SINYEA, Bong County – After two years of poor harvests the Sumo family was nervous this year. Rain had been unpredictable. The sun felt hotter. The soil on their five-hectare plot here was dry. They planted bitter ball, pumpkin, pepper, corn, okra and rice and followed the rules they had followed their whole lives as subsistence farmers.
But again their harvest was a disaster.
“The sun ray is not easy this year, it’s too much, even if you water the crops it can’t still make it,” Musu Sumo said. “The corn and pumpkin we planted and the rice, nothing came up. They all left short-short and died.”
To make up for the lost rain, the Sumos dug pits around the plant rows to bring water to the crops morning and evening. It was hard work, but even that was not enough. The rice they planted last year has gone long before the end of the season. Where once they would have 25 bags of rice from their harvest, this year they have just five. The family will be forced to buy rice.
“Farming nowadays is like a waste of time and resources, “ said Sam Sumo, Musu’s husband. “We work hard, investing money in the work, but we get far less and for us farming is our life. We are confused now and don’t know what to do.”
Climate change is wreaking havoc on Liberia’s farmers. As many as 80% of the population depend on subsistence farming. Seventy per cent of jobs are tied to agricultural exports – rubber, coffee, palm oil, sugar and cocoa. Climate change is threatening to send Liberia into a food security crisis, according to leading climate change expert Jerome Nyenka.
“The coming and the end of the rain have changed. We don’t know when the sunshine will start and when it will end,” said Professor Nyenka, the University of Liberia professor and former executive director of the Environmental Protection Agency. “Farmers are losing their source of survival. Now that climate change has set in it is making it hard for them to grow their crops. So they don’t have enough to eat, much less to sell. If you can’t find food to eat how do you pay for your children’s school fees? How do you buy medicine for yourself and your family members?”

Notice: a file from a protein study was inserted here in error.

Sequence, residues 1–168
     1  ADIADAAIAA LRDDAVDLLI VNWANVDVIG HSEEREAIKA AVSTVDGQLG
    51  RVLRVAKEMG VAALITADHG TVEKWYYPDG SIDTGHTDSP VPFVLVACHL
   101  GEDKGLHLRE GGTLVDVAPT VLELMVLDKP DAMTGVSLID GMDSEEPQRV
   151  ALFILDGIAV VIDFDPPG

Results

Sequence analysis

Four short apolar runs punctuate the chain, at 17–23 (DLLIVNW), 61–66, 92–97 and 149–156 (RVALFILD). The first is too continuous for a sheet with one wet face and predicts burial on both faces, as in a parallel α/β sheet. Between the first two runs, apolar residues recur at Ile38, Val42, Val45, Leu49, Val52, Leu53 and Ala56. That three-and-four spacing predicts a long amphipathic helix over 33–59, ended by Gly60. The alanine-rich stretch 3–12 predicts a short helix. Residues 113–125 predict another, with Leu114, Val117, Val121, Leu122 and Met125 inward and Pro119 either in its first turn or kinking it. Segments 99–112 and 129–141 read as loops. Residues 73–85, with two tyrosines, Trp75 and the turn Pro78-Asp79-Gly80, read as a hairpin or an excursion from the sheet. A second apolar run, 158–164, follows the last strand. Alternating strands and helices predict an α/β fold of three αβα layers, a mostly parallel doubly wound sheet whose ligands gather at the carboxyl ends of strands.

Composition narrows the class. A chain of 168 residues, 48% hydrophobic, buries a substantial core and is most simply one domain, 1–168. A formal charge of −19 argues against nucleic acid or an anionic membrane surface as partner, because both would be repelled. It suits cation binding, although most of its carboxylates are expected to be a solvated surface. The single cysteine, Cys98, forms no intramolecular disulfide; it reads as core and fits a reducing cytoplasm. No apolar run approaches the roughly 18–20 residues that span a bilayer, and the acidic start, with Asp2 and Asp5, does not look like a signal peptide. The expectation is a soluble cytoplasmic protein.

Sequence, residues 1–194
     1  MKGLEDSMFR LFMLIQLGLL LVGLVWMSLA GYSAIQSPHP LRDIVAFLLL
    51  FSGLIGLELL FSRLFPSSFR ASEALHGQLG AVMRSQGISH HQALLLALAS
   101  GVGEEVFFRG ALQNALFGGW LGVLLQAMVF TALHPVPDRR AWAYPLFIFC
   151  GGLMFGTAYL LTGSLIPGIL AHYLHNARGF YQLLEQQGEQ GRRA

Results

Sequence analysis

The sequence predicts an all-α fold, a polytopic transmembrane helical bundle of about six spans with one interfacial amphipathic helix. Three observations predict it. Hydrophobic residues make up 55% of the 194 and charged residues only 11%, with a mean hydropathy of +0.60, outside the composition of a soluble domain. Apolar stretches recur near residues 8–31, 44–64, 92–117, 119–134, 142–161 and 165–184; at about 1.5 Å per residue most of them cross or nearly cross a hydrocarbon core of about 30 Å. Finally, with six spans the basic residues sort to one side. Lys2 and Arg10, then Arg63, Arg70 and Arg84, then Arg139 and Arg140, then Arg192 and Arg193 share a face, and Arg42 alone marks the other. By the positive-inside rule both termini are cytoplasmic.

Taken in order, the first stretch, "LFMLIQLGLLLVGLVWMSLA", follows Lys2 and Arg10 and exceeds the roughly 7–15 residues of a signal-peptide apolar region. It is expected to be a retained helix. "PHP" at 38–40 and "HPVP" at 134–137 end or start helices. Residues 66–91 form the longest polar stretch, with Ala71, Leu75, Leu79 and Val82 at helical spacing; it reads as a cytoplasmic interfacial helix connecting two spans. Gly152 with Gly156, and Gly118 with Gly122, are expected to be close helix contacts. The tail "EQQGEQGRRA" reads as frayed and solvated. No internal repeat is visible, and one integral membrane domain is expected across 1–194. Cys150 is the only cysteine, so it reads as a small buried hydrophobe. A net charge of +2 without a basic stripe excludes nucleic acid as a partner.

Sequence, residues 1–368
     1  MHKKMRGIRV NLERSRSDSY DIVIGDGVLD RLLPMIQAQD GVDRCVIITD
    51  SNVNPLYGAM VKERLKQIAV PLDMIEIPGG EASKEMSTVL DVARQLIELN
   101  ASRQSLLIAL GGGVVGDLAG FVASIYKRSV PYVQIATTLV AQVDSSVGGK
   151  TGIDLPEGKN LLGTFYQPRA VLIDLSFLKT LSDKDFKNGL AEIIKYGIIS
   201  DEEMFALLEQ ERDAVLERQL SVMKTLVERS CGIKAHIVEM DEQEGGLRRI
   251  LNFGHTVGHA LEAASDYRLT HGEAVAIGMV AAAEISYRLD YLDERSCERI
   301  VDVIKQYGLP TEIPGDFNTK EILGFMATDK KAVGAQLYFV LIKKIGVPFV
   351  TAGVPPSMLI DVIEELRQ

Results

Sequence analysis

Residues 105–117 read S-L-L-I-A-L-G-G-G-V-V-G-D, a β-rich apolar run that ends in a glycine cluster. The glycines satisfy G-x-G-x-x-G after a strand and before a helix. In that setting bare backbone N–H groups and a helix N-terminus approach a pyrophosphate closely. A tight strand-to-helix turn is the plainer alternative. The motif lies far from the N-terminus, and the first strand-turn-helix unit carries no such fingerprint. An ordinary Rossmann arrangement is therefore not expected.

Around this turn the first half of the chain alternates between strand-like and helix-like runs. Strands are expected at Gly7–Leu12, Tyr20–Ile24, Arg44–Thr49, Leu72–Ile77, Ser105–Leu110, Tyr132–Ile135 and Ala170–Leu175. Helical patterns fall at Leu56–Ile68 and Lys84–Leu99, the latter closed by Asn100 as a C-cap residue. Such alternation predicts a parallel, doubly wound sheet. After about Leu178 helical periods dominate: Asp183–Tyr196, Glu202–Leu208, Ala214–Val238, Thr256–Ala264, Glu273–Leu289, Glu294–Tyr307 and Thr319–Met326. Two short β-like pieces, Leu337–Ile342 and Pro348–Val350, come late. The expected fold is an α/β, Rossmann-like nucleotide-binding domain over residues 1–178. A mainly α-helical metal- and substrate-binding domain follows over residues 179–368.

Ezekiel Yarkpawolo, 42, said 2020 and 2021 have been the worst farming seasons he has experienced in 10 years of farming. The inconsistency in weather has cost him badly.
“In 2020 I credited $LD30,000 from a financial saving club to invest into the soil and I planted bitter ball and other vegetables,” Mr. Yarkpawolo said. “But the sun killed everything immediately after they sprouted. I lost so badly and was indebted to the club, so I had to appeal to the club that I pay that money back piecemeal. We are really suffering.”
Because women carry the biggest burden in food and water collection, climate change is falling most heavily on them.
“You can see all around us, women like me was making bitter ball and okra farms to enable me to harvest and earn some good money, but there was no way, I lost,” said an emotional Musu. “I’m frustrated! You work like that to get nothing! Not even rest a day. It will make you to not feel fine. I am appealing to the government to help us farmers or bring work.”
From wildfires in California and Australia, to flooding in Asia and heatwaves in Europe climate change is devastating people across the globe. But in poor countries like Liberia there is no money to invest in infrastructure, adaptation and technology that can help people adjust.
Developed countries have committed $US100bn a year to fund climate change adaptation in developing countries. The Liberian government has proposed a $US490.5m adaptation plan that will focus on six climate-sensitive sectors – agriculture, coastal resources, energy, fisheries, forestry and waste. It has committed to funding 15 percent itself; the other 85 percent will come from donors. To unlock those funds the government must submit acceptable proposals. International donors told New Narratives the just announced anti-corruption investigation into the Agriculture Ministry will not help.